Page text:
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David Jacobson's Down in the Valley begins with seductive compositions that recall the cinema of the 1970s.

How smoggy was my valley 

A restless cowboy and a rebellious teen ride through the juxtaposed landscape of Southern California and the Wild West

click to enlarge Evan Rachel Wood and Ed Norton ride off into the sunset, sort of, in Down in the Valley. - PHOTO COURTESY OF THINK FILMS

David Jacobson's Down in the Valley begins with seductive compositions that recall the cinema of the 1970s, with wide-screen compositions of sun-baked, hot-hot Southern California landscapes, smog-choked cars packed onto scorched highways and an image of a teen girl in cut-off shorts and a halter top smoking a cigarette. But before David Jacobson's film is over, it's clear that he has another set of film references on his mind: the western.

As in most westerns, an enigmatic man rides into town. In this case it's Harlan Carruthers, a cowboy hat-wearing weirdo (played by Ed Norton) who pumps gas on the side of a highway. Painfully earnest and accidentally funny, Harlan is irresistible to a group of bored teens who have stopped for a fill-up on the way to the beach.

Particularly drawn to Harlan is Tobe (played by Evan Rachel Wood), a beautiful but restless teenager who lives with her timid younger brother Lonnie and her gruff but loving cop-father. It's clear from the film's opening scenes between Tobe and her father that their filial relationship is in crisis. Daddy's little girl has become a sexual creature, and her father is having trouble accepting it. On the fateful morning that opens the film, Tobe flounces out of the house in a skimpy bikini while her apoplectic father gapes after her.

It's not exactly clear why Tobe is drawn to Harlan--that she is provides the only justification sexual attraction requires. Harlan is a man cut off from the open range, a man living in the wrong century. But he's possessed of more than a wistful longing. He actually believes he can help himself to a horse in the community's suburban outskirts and take a joy ride. More ominously, he's a fearfully dead shot with a vintage 1917 single action Colt Peacemaker. The role requires Norton to shed the obvious intelligence that the actor typically brings to his parts. Harlan seems to have been conceived as one part John Wayne and one part Robert De Niro in Taxi Driver (Jacobson's borrowings from this film are extensive--there's even a long sequence of Harlan talking tough to himself in the mirror).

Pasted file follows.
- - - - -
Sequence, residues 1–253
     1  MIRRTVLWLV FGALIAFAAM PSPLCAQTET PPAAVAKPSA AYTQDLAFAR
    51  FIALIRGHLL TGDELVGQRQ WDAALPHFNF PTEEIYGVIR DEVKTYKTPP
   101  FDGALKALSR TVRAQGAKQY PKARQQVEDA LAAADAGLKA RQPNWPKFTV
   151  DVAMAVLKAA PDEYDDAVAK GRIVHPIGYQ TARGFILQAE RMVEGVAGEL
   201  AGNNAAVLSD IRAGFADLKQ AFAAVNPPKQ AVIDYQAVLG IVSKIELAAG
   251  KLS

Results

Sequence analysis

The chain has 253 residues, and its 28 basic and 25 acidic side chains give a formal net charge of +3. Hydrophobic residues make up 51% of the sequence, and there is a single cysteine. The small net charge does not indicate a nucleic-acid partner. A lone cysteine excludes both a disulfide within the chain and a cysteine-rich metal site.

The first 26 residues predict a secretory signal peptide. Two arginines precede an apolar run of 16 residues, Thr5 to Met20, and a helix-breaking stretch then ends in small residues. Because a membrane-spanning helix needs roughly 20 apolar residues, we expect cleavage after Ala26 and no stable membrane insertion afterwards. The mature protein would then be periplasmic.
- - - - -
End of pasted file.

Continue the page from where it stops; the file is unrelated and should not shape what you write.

While Norton is painfully and, finally, dangerously sincere as he courts Tobe, Wood finally comes into her own in what will doubtlessly be one of her last child roles. Wood, who was born in Raleigh in 1987 and has been acting professionally for most of her life, has made a specialty of playing hard-bitten, sexually precocious characters. Up 'til now, I've been more put off than moved by her characters, such as her angry, sexually and pharmaceutically adventurous teen in Thirteen and her manipulative sociopath in Pretty Persuasion. Even in a smaller role in the Ron Howard western The Missing, she seemed to radiate hostility. Her career trajectory was starting to look like Jodie Foster's, had she played variants on her Taxi Driver child prostitute for several films running.